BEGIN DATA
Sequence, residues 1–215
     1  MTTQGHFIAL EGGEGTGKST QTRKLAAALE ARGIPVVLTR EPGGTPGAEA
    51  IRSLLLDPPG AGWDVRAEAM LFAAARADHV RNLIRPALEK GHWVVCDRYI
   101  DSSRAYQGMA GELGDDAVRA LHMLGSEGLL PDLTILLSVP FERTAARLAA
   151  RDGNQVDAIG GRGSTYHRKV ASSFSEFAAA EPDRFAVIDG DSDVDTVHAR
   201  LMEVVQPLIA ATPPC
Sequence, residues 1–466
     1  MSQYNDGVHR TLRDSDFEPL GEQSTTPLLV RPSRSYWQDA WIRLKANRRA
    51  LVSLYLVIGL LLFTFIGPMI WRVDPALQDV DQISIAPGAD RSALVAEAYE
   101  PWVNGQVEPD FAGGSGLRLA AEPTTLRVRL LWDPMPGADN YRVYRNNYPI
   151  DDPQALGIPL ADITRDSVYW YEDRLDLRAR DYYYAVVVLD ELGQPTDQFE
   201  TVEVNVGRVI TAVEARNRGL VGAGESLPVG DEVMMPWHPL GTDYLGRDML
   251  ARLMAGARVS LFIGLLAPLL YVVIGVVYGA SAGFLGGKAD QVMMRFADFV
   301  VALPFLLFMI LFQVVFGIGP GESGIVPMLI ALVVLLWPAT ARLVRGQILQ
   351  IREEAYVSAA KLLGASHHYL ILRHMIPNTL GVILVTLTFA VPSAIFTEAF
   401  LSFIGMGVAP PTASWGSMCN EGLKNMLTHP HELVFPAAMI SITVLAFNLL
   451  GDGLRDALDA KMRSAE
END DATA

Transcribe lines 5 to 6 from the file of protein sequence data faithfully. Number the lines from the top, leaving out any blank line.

   151  RDGNQVDAIG GRGSTYHRKV ASSFSEFAAA EPDRFAVIDG DSDVDTVHAR
   201  LMEVVQPLIA ATPPC